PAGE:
[10] Biggs, John, and Catherine Tang. Teaching for Quality Learning at University. What the Student Does. 4th ed. New York: Society for Research into Higher Education & Open University Press, 2011.

[11] Biggs, John. “Aligning teaching for constructing learning”, 2003. Available online at https://www.researchgate.net/publication/255583992_Aligning_Teaching_for_Constructing_Learning [last accessed 01.09.2020].

[12] Wiggins und McTighe, Understanding by Design [9].

[13] See for example Breen-Wenninger, Barbara. „Studierendenzentriertheit umsetzen, kompetenzorientiert lehren“. In Berufsbegleitende Studiengänge als Herausforderung für Curriculumentwicklung und Hochschuldidaktik, edited by Haag, J., J.Weißenböck, and W. Gruber, 53-57. Beiträge zum 2. Tag der Lehre an der FH St. Pölten am 12.4.2013. St. Pölten, 2013.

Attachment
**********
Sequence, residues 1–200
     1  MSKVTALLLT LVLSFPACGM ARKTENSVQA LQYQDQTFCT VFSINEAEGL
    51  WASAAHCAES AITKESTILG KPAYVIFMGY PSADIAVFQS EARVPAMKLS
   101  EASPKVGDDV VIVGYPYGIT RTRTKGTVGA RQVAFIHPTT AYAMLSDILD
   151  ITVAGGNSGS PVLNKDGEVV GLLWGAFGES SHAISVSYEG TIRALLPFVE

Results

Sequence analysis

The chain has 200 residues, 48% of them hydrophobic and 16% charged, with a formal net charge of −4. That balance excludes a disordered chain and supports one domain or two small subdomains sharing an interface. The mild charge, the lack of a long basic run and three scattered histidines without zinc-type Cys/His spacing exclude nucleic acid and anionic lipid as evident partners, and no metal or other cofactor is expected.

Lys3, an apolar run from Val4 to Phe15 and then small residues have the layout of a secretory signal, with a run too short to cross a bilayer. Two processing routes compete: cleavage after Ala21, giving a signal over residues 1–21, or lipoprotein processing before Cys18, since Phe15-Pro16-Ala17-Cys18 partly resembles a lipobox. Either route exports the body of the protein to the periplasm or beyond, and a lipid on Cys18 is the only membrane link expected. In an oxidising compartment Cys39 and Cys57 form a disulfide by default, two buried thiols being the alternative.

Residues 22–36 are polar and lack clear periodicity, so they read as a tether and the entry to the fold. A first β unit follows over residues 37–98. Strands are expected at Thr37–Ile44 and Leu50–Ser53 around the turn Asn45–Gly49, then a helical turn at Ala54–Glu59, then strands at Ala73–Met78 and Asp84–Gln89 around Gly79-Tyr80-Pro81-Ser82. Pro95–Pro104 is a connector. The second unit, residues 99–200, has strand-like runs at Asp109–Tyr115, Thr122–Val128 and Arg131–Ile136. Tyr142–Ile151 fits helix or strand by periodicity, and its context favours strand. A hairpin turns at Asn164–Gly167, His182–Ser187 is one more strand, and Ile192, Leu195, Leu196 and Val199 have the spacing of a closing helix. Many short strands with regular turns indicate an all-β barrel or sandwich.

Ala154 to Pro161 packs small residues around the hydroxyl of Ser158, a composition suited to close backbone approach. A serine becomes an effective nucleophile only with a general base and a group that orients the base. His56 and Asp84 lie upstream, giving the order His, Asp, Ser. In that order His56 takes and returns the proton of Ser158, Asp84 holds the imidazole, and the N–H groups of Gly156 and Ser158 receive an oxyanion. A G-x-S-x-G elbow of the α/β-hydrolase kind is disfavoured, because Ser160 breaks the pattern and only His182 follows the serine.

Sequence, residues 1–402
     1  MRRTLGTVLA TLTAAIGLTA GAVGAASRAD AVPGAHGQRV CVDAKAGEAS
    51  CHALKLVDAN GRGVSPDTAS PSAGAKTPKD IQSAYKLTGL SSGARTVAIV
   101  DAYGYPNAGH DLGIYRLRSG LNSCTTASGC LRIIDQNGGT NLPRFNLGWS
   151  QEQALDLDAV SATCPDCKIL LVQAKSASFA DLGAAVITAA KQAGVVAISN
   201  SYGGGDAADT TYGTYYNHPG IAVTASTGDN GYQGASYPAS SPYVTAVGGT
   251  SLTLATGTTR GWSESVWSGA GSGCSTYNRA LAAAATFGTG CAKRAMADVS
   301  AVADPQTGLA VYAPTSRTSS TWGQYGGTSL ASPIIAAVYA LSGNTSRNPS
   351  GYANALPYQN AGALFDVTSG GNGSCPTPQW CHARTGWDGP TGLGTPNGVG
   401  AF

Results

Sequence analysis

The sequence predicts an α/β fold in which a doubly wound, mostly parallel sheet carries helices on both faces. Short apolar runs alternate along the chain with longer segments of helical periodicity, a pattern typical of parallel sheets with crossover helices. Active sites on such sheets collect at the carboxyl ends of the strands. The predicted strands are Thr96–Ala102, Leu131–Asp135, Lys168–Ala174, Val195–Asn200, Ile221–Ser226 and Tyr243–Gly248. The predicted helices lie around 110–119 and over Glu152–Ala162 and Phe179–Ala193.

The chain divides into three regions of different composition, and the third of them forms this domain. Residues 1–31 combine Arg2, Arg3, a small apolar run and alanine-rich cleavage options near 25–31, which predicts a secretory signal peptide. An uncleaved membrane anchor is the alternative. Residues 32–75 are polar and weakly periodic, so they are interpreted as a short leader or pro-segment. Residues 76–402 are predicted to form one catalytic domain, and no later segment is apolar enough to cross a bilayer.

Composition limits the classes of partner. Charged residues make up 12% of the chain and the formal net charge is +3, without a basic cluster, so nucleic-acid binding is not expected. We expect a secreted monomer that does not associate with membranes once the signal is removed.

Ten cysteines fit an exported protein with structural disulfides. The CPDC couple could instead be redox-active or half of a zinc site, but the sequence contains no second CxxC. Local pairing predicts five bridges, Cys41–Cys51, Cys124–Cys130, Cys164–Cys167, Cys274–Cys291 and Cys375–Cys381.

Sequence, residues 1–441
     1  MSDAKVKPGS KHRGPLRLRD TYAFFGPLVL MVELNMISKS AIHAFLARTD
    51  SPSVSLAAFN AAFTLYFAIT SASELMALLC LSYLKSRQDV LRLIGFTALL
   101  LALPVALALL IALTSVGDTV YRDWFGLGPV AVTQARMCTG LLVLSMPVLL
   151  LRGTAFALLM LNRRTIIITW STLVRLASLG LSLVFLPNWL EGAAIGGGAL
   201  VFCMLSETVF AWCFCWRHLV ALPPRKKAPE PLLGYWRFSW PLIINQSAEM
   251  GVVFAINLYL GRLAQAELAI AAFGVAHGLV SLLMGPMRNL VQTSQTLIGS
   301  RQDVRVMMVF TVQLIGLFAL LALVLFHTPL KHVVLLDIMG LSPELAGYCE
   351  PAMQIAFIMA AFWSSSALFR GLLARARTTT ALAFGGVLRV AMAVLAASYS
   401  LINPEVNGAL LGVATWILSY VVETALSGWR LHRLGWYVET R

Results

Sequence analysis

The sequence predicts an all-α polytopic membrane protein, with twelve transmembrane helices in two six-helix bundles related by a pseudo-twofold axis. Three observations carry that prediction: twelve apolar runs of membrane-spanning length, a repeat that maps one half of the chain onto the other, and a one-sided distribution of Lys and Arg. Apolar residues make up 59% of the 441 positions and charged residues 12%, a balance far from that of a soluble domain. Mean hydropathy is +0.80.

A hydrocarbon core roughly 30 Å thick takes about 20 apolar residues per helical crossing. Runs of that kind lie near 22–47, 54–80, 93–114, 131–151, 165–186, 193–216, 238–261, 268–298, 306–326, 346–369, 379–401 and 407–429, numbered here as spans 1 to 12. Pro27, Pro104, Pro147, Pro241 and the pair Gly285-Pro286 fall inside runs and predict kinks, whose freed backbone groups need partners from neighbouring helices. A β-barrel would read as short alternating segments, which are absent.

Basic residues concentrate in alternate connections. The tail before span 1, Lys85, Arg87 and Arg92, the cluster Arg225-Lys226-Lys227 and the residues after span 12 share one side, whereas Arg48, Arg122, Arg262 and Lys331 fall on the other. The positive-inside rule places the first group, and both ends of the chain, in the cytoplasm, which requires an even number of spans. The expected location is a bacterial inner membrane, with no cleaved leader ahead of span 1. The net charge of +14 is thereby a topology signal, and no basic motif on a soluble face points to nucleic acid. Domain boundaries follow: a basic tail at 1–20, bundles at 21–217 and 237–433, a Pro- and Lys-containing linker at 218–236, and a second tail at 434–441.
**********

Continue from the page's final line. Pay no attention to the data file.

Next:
Recommended citation

Breen-Wenninger, Barbara/Louis, Barbara: Outcomes-oriented Teaching and Learning & Constructive Alignment. Infopool better teaching. Center for Teaching and Learning, University of Vienna, May 2020. [https://infopool.univie.ac.at/en/home-page/teaching-learning-at-the-university/outcomes-oriented-teaching-and-learning-constructive-alignment/]